behold, my master wotteth not what is with me in the house; what goods or money are in it:

and he hath committed all that he hath to my hand: such confidence did he repose in him, wherefore to do such an injury to him as to commit adultery with his wife, would be making a sad return, and acting a most ungrateful part for such favour shown him.

But he refused, and said unto his master's wife, Behold, my master wotteth not what is with me in the house, and he hath committed all that he hath to my hand;
EXEGETICAL (ORIGINAL LANGUAGES)
7–20. The False Accusation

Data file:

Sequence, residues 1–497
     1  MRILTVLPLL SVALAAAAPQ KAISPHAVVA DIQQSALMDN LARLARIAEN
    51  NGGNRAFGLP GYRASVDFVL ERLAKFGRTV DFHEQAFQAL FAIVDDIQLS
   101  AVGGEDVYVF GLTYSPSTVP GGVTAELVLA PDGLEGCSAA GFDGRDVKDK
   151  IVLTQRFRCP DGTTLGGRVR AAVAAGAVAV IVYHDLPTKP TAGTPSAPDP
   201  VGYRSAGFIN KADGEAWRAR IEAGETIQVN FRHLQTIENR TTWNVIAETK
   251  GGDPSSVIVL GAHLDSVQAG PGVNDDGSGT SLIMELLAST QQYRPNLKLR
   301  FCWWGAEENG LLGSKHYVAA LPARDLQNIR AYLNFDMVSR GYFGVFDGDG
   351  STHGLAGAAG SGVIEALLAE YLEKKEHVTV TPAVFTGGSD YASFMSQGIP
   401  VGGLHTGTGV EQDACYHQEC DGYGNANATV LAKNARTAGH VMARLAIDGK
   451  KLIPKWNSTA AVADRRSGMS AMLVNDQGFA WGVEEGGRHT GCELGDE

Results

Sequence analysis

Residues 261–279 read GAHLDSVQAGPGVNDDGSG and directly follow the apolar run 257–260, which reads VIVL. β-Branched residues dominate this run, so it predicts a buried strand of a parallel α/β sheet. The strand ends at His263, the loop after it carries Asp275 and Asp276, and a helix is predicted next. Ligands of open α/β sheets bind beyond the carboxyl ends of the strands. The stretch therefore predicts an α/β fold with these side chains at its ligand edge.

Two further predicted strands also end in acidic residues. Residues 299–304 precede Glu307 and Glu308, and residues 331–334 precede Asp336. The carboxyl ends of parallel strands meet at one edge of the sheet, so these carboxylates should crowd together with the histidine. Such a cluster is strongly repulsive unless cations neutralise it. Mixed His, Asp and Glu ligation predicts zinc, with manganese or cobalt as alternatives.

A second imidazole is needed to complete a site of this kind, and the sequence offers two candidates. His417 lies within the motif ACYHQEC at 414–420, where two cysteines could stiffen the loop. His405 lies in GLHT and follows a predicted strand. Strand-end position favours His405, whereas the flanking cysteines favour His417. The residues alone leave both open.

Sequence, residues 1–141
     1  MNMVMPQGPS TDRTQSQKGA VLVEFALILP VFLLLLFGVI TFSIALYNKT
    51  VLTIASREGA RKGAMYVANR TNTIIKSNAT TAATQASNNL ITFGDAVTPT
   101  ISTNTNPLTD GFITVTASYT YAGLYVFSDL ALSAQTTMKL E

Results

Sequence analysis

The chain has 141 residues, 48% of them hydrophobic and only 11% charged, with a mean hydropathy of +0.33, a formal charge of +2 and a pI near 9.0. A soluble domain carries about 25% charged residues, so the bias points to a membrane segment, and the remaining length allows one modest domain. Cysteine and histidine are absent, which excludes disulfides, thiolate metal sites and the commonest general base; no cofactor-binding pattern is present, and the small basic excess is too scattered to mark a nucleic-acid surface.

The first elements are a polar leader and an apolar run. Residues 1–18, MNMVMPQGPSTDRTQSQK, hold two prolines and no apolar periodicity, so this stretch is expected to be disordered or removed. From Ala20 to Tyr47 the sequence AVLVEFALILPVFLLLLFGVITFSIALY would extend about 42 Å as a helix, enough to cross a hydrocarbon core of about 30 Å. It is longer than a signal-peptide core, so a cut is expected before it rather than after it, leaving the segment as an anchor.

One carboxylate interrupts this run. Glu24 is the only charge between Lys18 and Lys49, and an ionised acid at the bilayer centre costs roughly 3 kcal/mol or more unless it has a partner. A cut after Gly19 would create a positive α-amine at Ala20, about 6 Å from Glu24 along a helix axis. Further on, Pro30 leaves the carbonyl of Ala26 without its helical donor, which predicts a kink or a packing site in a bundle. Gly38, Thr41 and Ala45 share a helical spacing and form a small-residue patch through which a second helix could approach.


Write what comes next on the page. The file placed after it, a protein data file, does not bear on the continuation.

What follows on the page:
8. knoweth not, &c.] Here, as in Genesis 39:6, the marg., knoweth not with me what is, gives the meaning of the passage.Verses 8, 9. - But he refused, - "it may be that the absence of personal charms facilitated Joseph s resistance (Kalisch); but Joseph assigns a different reason for his noncompliance with her utterly immoral proposition - and said unto his master's wife, - "for her unclean solicitation he returneth pure and wholesome words" (Hughes) - Behold, my master wotteth not what is with me in the house (literally, knoweth not, along with me, what is in the house), and he hath committed all that he hath to my hand, (literally, and all that is to him he hath given to or placed in my hand); there is none greater in this house than I; neither hath he kept back anything from me but thee, because thou art his wife: how then can I do this great wickedness, and sin (cf. Genesis 20:6; 2 Samuel 12:13; Psalm 51:4 for the estimate of this act taken by God and good men) against God? - Elohim, since Jehovah would have been unintelligible to a heathen woman. In Potiphar's House. - Potiphar had bought him of the Ishmaelites, as is repeated in Genesis 39:1 for the purpose of resuming the thread of the narrative; and Jehovah was with him, so that the prospered in the house of his Egyptian master. מצליח אישׁ: a man who has prosperity, to whom God causes all that he undertakes and does to prosper. When Potiphar perceived this, Joseph found favour in his eyes, and became his servant, whom he placed over his house (made manager of his household affairs), and to whom he entrusted all his property (כּל־ישׁ־לו Genesis 39:4 equals ישׁ־לו כּל־אשׁר Genesis 39:5, Genesis 39:6). This confidence in Joseph increased, when he perceived how the blessing of Jehovah (Joseph's God) rested upon his property in the house and in the field; so that now "he left to Joseph everything that he had, and did not trouble himself אתּו (with or near him) about anything but his own eating."